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There is this problem on the textbook. The derivation of the answer in the solution was not very clear, but this is how the problem goes:

Calls arrive at an office, following a Poission distribution, at 20 calls per hour. 20% of all calls result in sales. Given that $x$ sales were made in a certain hour, find the probability function for $Y$, the number of calls made in that hour.

My steps:

Let $X={\text{calls}}$, $Y={\text{sales}}$. Now $$P(Y=y\mid X=x)=\frac{P(X=x\mid Y=y)P(X=x)}{P(Y=y)}$$ from Bayes' Theorem. Expanding we get $$P(Y=y\mid X=x) = \frac{\binom{X}{y}0.2^{y}0.8^{x-y}\frac{e^{-20}20^{x}}{x!}}{\sum_{k=y}^{\infty}\binom{k}{y}0.2^{y}0.8^{k-y}\frac{e^{-20}20^{k}}{k!}} = \frac{\binom{x}{y}0.2^{y}0.8^{x-y}\frac{e^{-20}20^{x}}{x!}}{\sum_{k=y}^{\infty}\frac{k!}{y!(k-y)!}0.2^{y}0.8^{k-y}\frac{e^{-20}20^{k}}{k!}} = \frac{\binom{x}{y}0.8^{x-y}\frac{20^{x}}{x!}}{\frac{1}{20^{y}}\sum_{k=y}^{\infty}\frac{0.8^{k-y}20^{k-y}}{(k-y)!}} = \frac{\binom{x}{y}0.8^{x-y}\frac{20^{x}}{x!}}{\frac{1}{20^{y}}\sum_{k=y}^{\infty}\frac{16^{k-y}}{(k-y)!}} = \frac{\binom{x}{y}0.8^{x-y}\frac{20^{x}}{x!}}{\frac{1}{20^{y}}e^{16}} = \frac{\binom{x}{y}0.8^{x-y}\frac{20^{x}20^{y}y!}{x!}}{e^{16}} = e^{-16}\binom{x}{y}0.8^{x-y}\frac{20^{x+y}}{(y-x)!} $$

However, the textbook gives a solution of $$\frac{16^{y-x}e^{-16}}{(y-x)!}$$

I am not very experienced at manipulating stuff with lots of factorials and sigmas in them. Are the two expressions equivalent? Or did I do some step wrong?

(p.s. sorry for the ugly latex. Feel free to edit it; I copied it from LyX and all the equarray formatting was lost)

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You are starting from the wrong formula. –  André Nicolas Mar 16 '13 at 2:41

2 Answers 2

up vote 1 down vote accepted

We want $\Pr(Y=y|X=x)$. By the usual definition of conditional probability, we have $$\Pr(Y=y|X=x)=\frac{\Pr((Y=y)\cap (X=x))}{\Pr(X=x)}.$$

By a calculation, or by a standard fact, $X$ has Poisson distribution with parameter $4$. So $\Pr(X=x)=e^{-4}\frac{4^x}{x!}$.

To calculate the probability that $Y=y$ and $X=x$, note that the probability that $Y=y$ is $e^{-20}\frac{20^y}{y!}$. And given that $Y=y$, the probability that $X=x$ is $\binom{y}{x}\left(\frac{1}{5}\right)^x \left(\frac{4}{5}\right)^{y-x}$.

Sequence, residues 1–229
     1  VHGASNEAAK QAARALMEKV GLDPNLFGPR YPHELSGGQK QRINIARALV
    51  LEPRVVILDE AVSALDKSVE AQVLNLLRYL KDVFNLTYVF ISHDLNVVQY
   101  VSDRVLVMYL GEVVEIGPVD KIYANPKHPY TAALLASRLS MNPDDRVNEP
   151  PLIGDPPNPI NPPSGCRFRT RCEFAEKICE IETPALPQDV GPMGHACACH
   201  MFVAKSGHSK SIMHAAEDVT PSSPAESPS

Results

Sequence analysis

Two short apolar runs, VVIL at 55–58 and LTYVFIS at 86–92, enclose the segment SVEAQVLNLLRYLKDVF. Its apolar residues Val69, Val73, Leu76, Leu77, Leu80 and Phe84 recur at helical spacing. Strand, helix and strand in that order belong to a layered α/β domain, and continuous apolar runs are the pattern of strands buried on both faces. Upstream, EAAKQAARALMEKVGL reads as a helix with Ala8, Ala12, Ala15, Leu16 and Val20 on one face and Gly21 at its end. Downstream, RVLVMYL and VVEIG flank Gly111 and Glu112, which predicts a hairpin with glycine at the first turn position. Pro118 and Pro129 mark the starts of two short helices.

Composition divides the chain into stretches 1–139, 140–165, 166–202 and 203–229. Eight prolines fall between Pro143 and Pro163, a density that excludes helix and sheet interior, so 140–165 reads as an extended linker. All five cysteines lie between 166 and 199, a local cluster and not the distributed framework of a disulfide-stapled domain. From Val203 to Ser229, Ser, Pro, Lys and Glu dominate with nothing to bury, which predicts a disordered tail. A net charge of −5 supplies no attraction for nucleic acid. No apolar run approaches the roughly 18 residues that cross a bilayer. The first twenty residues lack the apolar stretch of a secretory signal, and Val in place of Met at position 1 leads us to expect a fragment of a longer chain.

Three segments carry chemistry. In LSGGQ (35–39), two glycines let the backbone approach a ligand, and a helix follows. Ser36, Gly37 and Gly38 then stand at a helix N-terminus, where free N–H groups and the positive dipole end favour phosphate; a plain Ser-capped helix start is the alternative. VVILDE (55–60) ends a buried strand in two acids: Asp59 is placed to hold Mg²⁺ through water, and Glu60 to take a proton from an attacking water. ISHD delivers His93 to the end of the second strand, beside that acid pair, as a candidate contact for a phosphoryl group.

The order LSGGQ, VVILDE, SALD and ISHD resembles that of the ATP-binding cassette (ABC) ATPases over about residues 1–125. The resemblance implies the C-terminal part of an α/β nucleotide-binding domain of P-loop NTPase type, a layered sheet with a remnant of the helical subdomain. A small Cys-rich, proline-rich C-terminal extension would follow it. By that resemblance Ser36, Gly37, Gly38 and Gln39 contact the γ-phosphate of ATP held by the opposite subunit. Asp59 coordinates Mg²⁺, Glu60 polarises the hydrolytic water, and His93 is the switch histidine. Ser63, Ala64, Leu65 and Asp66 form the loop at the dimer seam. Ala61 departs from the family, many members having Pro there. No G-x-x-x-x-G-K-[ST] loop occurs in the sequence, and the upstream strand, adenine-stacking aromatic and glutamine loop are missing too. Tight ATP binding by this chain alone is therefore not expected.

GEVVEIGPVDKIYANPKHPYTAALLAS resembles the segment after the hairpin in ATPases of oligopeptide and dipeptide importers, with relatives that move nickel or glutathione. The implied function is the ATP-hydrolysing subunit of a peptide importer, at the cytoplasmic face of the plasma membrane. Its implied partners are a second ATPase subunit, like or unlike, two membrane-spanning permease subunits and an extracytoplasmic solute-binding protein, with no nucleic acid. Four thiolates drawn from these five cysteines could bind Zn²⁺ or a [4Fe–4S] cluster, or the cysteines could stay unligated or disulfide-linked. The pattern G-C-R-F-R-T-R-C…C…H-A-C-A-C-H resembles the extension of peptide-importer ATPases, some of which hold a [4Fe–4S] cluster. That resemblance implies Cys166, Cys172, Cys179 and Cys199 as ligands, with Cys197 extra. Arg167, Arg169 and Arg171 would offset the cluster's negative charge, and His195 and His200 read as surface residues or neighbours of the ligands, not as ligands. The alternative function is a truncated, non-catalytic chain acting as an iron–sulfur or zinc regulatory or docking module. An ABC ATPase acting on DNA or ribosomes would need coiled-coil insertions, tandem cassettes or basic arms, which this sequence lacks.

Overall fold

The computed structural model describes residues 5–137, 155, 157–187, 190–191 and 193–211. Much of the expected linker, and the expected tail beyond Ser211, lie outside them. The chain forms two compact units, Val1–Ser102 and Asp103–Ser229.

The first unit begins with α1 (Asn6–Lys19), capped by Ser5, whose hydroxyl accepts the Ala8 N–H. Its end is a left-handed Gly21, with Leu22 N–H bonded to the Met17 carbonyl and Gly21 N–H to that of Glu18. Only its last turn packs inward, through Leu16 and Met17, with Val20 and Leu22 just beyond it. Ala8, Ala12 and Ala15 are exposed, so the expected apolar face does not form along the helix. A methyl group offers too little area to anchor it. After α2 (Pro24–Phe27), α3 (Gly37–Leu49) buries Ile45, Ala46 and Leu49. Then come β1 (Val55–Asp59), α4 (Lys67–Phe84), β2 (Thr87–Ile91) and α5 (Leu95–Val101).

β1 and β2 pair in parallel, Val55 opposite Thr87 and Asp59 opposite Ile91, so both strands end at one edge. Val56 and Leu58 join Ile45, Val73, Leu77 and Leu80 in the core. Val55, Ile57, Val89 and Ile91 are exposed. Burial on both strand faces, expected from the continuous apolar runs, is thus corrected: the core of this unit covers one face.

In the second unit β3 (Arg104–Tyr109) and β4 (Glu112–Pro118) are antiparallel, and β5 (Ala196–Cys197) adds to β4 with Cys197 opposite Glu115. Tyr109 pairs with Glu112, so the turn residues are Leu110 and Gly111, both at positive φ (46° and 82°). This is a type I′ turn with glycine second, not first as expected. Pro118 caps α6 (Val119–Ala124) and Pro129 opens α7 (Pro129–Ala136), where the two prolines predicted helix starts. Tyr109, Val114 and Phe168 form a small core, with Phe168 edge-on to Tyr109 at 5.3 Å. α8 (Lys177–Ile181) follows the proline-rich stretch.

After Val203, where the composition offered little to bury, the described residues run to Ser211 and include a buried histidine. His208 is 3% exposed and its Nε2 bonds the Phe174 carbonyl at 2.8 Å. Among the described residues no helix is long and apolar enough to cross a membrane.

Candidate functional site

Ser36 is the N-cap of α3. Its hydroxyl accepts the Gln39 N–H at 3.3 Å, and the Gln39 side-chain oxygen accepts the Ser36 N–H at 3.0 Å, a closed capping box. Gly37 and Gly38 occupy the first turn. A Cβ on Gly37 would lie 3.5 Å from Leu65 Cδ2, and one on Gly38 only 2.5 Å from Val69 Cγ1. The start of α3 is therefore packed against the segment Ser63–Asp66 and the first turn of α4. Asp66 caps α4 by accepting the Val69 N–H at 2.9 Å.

Substitute, simplify a bit. We get the textbook answer.

Remark: We more or less used the Bayes Formula, except a little indirectly, starting from the defining formula for conditional probability. I sometimes deliberately have avoided mentioning the Bayes Formula, because students so often get it wrong. But students are always looking for formulas that make life easier, and will find the Bayes formula in the text. And then in a test get it wrong.

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Wow much better than my textbook explanation ^_^ –  user54609 Mar 16 '13 at 17:18

The computation has the following problems:

  • As André Nicolas says, the statement of the Bayes formula is not correct.
  • In the body of the computation, the starting formula is correct, except that the roles of $x$ and $y$ have been reversed.
  • Later, $20^k$ was incorrectly changed to $\frac{20^{k-y}}{20^y}$ in the denominator.
  • At the same time, a factor of $\frac{1}{y!}$ was dropped in the denominator.
  • Near the end of the computation, the $\frac{1}{y!}$ that was dropped earlier was correctly put back as $y!$ in the numerator (so, these two errors had no net effect.)
  • In the last step, $\frac{y!}{x!}$ was incorrectly simplified to $\frac{1}{(y-x)!}$.

Apart from these errors, the computation is correct.

This is a special case of the following result: if $Y$ is Poisson distributed with parameter $\lambda$, and $X$ is binomial with $Y$ trials and success probability $p$, then, considering only $X$ and $Y-X$, these two random variables are independent and both Poisson distributed, with parameters $p\lambda$ and $(1-p)\lambda$, respectively. In the problem given above, then, the number of calls which did not result in sales, $Y-X$, is independent of the number $X$ of sales, and the distribution of $Y-X$ is always Poisson with parameter $20\cdot (1-0.2)=16$.

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